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Letter from Department of War, October 11, 1833
Posted By Dennis Partridge On In Native American | No Comments
DEPARTMENT OF WAR, October 11, 1833.
SIR: I have received your letter of the 15th and 22d ultimo, together with a printed notice enclosed in the former.
I perceive the embarrassments under which you labor, and am satisfied you will proceed in the execution of your duty in the best manner the means of information in your power will permit. You doubtless, ere this, have received a copy of the register prepared by Major Armstrong. This will furnish you with an authentic list of all the claims to which any of the Choctaws are entitled, and you will be guided by it and by the treaty in making the locations. I perceive you have selected certain persons to aid you in the receipt of applications. The full effect you mean to give to these applications, I do not understand. I presume, however, it is merely to guide you in reserving from sale the proper tracts. You will, under no circumstances, allow a reservation to a person whose right is not recognized in the register of claims prepared by Major Armstrong, or by name in the treaty. If, however, you should find that this mode of receiving claims would aid you in the execution, you are at liberty to pursue it, taking care that a very small compensation is promised to the persons employed, as their labor must be comparatively trifling.
There are three modes of location pointed out by the treaty: one is specific, depending on the situation of the improvement annexed to it, and will require no direction in fixing it. Another is at the option of the reservee and here of course you must be guided by his own choice. And a third is general, and confided entirely to you.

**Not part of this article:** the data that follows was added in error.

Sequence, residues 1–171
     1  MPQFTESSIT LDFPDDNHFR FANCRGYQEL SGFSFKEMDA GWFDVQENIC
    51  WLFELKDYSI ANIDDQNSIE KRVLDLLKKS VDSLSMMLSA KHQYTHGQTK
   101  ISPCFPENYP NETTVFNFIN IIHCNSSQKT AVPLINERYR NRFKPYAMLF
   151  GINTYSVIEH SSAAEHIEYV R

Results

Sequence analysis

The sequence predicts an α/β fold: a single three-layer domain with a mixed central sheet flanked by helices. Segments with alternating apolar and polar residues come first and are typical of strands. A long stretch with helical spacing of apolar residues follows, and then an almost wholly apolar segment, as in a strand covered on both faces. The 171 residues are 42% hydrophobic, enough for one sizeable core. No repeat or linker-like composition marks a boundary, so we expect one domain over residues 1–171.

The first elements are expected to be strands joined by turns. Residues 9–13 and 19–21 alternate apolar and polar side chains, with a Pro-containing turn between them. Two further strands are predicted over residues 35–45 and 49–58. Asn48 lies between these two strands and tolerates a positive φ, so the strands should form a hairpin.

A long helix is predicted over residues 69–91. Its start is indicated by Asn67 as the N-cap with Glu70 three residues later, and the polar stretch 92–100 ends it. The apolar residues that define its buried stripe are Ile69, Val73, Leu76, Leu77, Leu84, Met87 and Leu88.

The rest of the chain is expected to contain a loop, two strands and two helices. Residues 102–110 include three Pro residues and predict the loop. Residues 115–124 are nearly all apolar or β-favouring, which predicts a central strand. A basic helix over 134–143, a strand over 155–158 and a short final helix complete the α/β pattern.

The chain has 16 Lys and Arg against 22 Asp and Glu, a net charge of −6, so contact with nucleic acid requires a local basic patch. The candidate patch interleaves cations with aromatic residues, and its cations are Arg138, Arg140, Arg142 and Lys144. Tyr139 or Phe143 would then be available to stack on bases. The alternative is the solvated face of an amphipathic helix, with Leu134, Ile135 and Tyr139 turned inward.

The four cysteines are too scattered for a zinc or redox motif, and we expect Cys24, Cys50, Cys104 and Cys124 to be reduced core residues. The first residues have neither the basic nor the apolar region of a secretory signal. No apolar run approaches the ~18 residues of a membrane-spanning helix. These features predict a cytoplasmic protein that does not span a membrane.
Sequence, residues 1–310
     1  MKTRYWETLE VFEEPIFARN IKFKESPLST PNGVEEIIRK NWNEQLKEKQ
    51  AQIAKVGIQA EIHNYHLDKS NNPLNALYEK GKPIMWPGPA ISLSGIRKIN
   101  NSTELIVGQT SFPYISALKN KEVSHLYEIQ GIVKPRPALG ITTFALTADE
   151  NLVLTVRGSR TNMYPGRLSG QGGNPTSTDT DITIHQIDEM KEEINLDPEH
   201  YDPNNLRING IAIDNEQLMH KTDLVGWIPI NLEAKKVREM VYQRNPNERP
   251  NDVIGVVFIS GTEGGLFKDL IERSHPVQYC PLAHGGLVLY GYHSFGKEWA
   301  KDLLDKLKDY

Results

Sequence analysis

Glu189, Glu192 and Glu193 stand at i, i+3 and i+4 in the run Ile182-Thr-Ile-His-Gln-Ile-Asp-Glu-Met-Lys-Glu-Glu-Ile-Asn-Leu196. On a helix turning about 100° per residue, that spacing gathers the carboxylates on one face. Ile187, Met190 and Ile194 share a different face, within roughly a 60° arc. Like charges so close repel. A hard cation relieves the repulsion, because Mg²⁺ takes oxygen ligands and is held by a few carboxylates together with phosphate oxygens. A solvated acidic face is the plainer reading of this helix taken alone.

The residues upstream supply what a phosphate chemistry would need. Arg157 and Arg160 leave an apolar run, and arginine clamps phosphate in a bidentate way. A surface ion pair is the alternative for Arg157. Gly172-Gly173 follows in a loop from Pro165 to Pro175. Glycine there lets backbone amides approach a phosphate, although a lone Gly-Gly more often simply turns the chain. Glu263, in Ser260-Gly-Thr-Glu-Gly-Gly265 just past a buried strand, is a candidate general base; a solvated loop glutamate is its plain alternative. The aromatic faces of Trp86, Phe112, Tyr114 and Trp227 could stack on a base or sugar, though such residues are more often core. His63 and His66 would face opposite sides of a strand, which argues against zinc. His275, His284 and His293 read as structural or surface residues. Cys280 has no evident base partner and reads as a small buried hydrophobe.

With respect to the latter, you will observe that the President desires to fulfill the stipulations of the treaty in a spirit of justice and good faith to the Indians. He neither wishes all the valuable tracts to be selected for the Indians which give value to the country, nor such ones assigned to them as are; unfit for cultivation. Wherever you have a discretion in the location, let the tracts selected be of the average quality of the country, and such as are fit for all farming purposes, and upon which the Indians can obtain a proper support. Let no white man interfere with you in these locations. Receive no representations from any one. Any conveyances made by the Indians are wholly wholly void, and the President does not recognize the right of a single person claiming lands in the Choctaw country under a deed or conveyance from any Indian.
The representation of the Indians themselves, you are at liberty to receive, and it is proper they should be received; but act for yourself, after you have procured all necessary information.
You will consider that clause in your instructions of the 26th of June, which requires you to establish permanent marks upon each reservation, as applicable only to the plans of surveys, and not to the tracts of land themselves.
By entering the name of each reservee upon his location, the object of that provision will be attained.
It is important that the Indian reservations should be brought as much together as possible, and you will not lose sight of this object. If too much scattered, the Indians will be exposed to great inconveniences. Whereas, by living in the same neighborhoods, they can be better protected in their rights and secured from injuries. Let, therefore, no individual reservations, in the locations of which you can exercise a discretion, be made apart from others.
By the treaty, persons entitled to reservations in consequence of improvements are to locate them upon the legal subdivisions which contain their dwelling-houses. If two or more persons occupy dwelling-houses upon the same tract, let them make an amicable arrangement for preference, if they are willing to do so. If this cannot be done, let the tract be assigned to the oldest settler, where the fact can be determined. Where it cannot, you must draw lots for choice.
I have read your printed notice, and do not see any thing objectionable in the course you have marked out. Your views will of course be limited by these instructions.
On inquiry, I find you had been advised by a letter of July 1, 1833, that it was not in the power of the General Land Office to furnish you with plats in time for the locations, and that you had been referred to the surveyor general to procure them. I trust that you have been supplied ere this with all the requisite site information on the subject.
I am, &c., LEWIS CASS.
To Col. GEORGE W. MARTIN, Chocchuma, Mississippi.
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